Monthly Archives: October 2007

In your face, cell bio

What you can’t see – the smile on my face from finishing a much feared cell bio mid-term take home that I’ve been dreading.

And a hidden desire to write “suck it” in big red letters at the top before I hand it in.  Because really, a prof that doesn’t offer much in the way of help deserves it.

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What cell biology does to me

Turns me into Holly Hunter from Broadcast News. 

I have to have that little dramatic breakdown before getting the job done.

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little things i don’t talk about

Certain things happen when no one else is around.  Little things that become significant moments.

The only time I went home for Thanksgiving when I was in college came after a midnight phone call to the nurses’ station at LGMC.  I was fighting off a panic brought on by reflecting about the uncertainty of where I was, where I was going, and where I had been.  So I called to talk to a nurse about my dad.  He was ill and had been in the hospital for a while.

She heard me crying, but what she didn’t know is what I didn’t know.  A few weeks into first semester of senior year and no one had told me my dad had been in a coma for nearly a month.  But I could tell from her tone that someone there had given up, I just wasn’t sure who it was.  We stayed on the phone for a while.  I hadn’t told anyone anything about what I was feeling because it wasn’t anyone’s business.  And I realized I didn’t want to hang up with her, because she was the only one that knew what it was like from my end.

So I went home for Thanksgiving and found my dad about 20 years older than what I remembered from August.  He was on a hospital bed in the living room having his limp legs bent around by a little chirpy cajun lady that I really wanted to smack in the face for acting like the world is full of sunshine and chocolate.  And I stared at my dad confused.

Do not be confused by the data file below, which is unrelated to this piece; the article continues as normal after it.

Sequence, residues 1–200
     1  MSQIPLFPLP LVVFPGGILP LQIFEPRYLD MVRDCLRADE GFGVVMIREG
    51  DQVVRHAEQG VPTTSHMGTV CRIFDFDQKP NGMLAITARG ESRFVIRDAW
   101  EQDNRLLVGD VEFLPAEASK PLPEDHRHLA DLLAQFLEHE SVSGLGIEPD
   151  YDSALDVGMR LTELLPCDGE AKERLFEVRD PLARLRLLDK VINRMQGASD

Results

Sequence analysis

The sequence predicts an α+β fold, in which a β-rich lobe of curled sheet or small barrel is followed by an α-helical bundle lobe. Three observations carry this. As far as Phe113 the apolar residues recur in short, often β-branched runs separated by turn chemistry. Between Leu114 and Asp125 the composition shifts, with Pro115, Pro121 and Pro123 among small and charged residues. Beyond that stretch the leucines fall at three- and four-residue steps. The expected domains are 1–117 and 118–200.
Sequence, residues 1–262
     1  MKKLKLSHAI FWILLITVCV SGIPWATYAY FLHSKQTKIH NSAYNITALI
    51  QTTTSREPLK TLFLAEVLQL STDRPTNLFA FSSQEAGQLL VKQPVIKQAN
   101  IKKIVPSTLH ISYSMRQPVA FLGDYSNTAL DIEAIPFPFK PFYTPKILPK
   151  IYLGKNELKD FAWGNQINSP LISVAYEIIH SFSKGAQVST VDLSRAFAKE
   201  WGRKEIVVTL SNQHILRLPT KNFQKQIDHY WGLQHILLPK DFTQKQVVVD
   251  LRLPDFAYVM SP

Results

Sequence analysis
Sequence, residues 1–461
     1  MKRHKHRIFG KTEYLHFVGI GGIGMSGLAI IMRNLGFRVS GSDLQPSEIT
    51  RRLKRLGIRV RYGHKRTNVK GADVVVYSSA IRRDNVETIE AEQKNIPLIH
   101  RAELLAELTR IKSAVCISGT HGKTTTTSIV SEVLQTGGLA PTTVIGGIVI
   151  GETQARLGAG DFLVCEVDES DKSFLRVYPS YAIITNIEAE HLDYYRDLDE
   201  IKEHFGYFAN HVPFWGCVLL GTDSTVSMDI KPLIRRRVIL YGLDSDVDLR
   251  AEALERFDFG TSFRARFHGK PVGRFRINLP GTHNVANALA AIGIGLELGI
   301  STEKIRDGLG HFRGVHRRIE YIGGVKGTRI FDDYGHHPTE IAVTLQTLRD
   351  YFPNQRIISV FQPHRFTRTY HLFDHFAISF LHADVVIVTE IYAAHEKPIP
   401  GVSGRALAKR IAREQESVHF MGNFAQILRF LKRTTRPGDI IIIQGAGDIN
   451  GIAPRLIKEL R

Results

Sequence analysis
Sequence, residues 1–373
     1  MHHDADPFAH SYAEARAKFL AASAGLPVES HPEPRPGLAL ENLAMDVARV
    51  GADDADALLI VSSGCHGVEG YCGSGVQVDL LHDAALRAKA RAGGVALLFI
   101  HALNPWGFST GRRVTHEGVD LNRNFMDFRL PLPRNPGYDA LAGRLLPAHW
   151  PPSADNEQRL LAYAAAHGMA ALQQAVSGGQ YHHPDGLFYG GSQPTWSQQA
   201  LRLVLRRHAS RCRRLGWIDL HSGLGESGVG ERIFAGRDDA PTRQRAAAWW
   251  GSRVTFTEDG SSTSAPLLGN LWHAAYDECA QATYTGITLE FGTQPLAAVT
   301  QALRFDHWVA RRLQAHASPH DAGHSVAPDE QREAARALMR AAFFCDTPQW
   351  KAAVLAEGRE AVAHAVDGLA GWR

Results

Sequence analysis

My dad had always been this untouchable force that swept in and out of my life bringing with him a cyclone of emotional chaos.  My sister and I would dodge the winds as best we could by playing outside, staying in our room, or going to a friend’s house, but sometimes we got trapped.  And after the cyclone faded, all that was left behind were dense clouds of cigarette smoke and empty green beer bottles.  I craved the times he came to pick us up in his little red Honda wearing a khaki linen suit with a matching vest and his initials embroidered into the cuff of his shirt to take us out for hamburgers before returning to the office.  But the visits faded and so did the clouds of smoke.  So I took to the occasional visits to his place, sitting in the garage, watching him smoke, and slow, awkward conversation.  And that’s the exact type of visit we had in the August before I left for school.

And that Thanksgiving I came back to an old man that couldn’t get out of bed to even use the bathroom.  This man was the tense knot in my chest for so many years that I couldn’t undo.  And I didn’t know who I was supposed to be striving to impress anymore.  So I just cried and watched that crazy woman bend his flaccid body just to get it to do something other than lay there.